Get Hooked on Fishing at Greenville EXPO


Turner Calhoun hauled a nice one out of the Catfish Pond.
David A. Brown

Turner Calhoun hauled a nice one out of the Catfish Pond.

A trip to a kid’s fishing pond with a group of 8- and 9-year-olds shares many resemblances to a bass tournament among adults.

You’ve got the impatient guy jumping up and down saying, “Let’s go fish! Let’s go fish!” as soon as he sees the water. Once on the water you’ve got the quiet experienced one catching all the fish with everyone else exclaiming, “How are you doing that!”

Of course there’s at least one who does it Michael Iaconelli style on the hook-up with a voice-cracking scream “I CAUGHT A FISH, I CAUGHT A FISH!” Then you’ve got the first-timer with the irresistible itch to feel a bite, eyeballing every other person’s bent rod, getting impatient, casting too often, constantly crowding in to where they’re catchin’ ‘em, and finally gaining a smile of relief with a fish on the hook.

Editor's note: See more photos.

Creating the smiles and building desire to be outdoors is what the B.A.S.S. Hooked On Fishing program presented by Shakespeare and Toyota is all about. Organizers expect to treat 1,000 or more kids a day at the venue, located on the lawn outside the TD Convention Center, where the Bassmaster Classic Outdoors EXPO presented by DICK’S Sporting Goods is underway.

Last year B.A.S.S. held just one Hooked-On event, during the Classic at Houston. This year the program will reach many thousands more with six held at venues from Greenville to Texas to New York City. Three will correspond with tournament events and three are independent events designed to reach kids in neighborhoods where fishing often is a distant dream, or even a foreign concept.

Friday, a group of seven third-graders from Anderson, who attend Mrs. Gloria Morris’ class at St. Joseph Catholic School, were among the first to get hooked this year. Although they live in a community right on the shores of Lake Hartwell, site of this year’s Bassmaster Classic competition, they were diverse in their outdoors experience with some who had fished several times, some never before.

Organizers said success of these events hinges on supportive sponsors, community engagement and the generosity of volunteers. The South Carolina Department of Natural Resources dove into the event at Greenville and provided the pond, as well as wildlife and fishing displays it uses around the state in it’s own program that operates very much along the same lines as Hooked on Fishing.

The resources department had education displays at the past two Classics held at Greenville in 2008 and 2015, but this year the full kids venue is a step up.

“This is a stronger outreach presence for us than we’ve had in the past,” said Sarah Chabaane, the department’s Aquatic Education Program coordinator.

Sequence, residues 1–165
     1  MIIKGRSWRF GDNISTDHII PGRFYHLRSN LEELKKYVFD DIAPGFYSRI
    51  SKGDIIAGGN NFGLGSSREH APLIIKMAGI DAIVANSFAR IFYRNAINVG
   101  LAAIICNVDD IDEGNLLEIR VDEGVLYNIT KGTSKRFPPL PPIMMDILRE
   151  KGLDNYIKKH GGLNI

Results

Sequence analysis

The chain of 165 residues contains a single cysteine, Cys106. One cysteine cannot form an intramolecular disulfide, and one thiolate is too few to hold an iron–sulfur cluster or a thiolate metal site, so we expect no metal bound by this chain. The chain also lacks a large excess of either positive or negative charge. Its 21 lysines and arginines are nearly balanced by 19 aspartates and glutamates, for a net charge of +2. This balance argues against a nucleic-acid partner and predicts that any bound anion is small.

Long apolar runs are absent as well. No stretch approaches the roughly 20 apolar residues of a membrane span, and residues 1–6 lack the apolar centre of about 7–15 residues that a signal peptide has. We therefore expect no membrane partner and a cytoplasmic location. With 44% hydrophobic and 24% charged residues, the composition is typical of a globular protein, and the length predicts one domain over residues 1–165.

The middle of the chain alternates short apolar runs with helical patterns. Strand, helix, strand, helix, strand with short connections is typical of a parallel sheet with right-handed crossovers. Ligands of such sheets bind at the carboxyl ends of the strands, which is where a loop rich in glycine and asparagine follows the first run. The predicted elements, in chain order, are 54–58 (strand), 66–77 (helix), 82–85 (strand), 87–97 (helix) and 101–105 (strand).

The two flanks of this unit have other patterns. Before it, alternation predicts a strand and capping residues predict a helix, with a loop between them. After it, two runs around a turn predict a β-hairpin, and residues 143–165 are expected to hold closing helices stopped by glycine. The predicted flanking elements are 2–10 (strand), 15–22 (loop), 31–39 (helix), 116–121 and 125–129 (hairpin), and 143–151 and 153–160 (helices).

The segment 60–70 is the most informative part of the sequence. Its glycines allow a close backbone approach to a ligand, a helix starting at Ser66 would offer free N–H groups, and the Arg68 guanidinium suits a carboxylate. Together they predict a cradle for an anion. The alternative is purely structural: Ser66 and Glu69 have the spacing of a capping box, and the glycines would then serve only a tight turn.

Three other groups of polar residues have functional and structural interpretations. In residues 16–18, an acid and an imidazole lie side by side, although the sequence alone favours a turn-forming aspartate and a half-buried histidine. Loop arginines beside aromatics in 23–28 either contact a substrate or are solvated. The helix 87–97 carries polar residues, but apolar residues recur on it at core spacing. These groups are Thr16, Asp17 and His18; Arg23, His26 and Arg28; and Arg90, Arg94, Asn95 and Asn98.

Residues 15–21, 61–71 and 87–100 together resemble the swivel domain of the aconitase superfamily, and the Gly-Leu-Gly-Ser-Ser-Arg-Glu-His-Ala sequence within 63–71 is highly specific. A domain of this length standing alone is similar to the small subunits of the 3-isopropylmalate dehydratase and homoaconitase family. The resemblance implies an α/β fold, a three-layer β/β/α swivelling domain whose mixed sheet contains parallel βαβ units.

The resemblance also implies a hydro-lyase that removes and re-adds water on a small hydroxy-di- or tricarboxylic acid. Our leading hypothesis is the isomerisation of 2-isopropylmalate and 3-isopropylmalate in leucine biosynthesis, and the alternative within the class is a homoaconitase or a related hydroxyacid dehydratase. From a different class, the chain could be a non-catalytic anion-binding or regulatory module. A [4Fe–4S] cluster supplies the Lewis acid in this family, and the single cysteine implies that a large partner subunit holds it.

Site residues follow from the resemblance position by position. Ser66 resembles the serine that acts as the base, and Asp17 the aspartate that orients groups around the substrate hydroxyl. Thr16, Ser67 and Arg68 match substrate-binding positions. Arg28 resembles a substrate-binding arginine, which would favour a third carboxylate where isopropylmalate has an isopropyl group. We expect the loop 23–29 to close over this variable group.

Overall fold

The DNR's display of reptiles with live alligators and snakes docile enough for children to hold was a step up as well.

That’s the tent where the kids rushed in with their hands out and the teacher and parents backed up. Mrs. Morris gave a quick, polite “thank you, no” as 9-year-old Carter Mappin held out a quite docile 6-month-old alligator for her teacher to hold.

"We wanted to add something that made it a more diverse outdoors experience for them," she said.

Chabaane said the department’s catfish pond comes to the B.A.S.S. event with some special history. The structure is now 15 years old.

“It’s all about giving people that first chance to feel what it’s like to have a fish on their line,” she said. “We’ve had several generations now who have caught their first fish in that pond.”

A splash of fun added to the venue again this year is the Super Retriever Series competition. Nothing could have excited a group of 4-foot-tall kids peering over the top of a 4-foot deep pool, than watching a yellow Labrador named Denali run and jump 8 feet in the air from a platform 2 feet above the water to grab a bumper and come down with a giant splash.

Kevin Nguyen smiled, adjusted the black frames around his eyes, moved closer and gripped the edge of the pool. “It splashed my glasses and I don’t even care,” he said with a wide grin.

The climax for their visit came at the fishing pond, of course.

At the big oval pool filled with dark water and bubbling hoses at the center, the kids took their shots at the catfish.

That’s where Aiden Dietrich dropped the jump in his gait and became remarkably focused on the red-and-white bobber he plopped in the water. It’s where the quiet but antsy new angler Gregory Marrero finally smiled as he caught his first fish ever. It’s where Claire Jackson’s voice hit inhumane decibel heights with her first hook-up, and Maggie George just kept pulling them in, four in 15 minutes, with a calm demeanor and broad smile.

Of course a reporter zeroed in to quiz the expert, George, a soft-spoken and obviously patient angler.

“What do you think you did that helped you catch so many more fish?” she was asked. “Are you just naturally pretty good at fishing?”

Quietly, she offered a brief reply over her shoulder as she walked on with her classmates. “I fish with my Grandpa,” she said.

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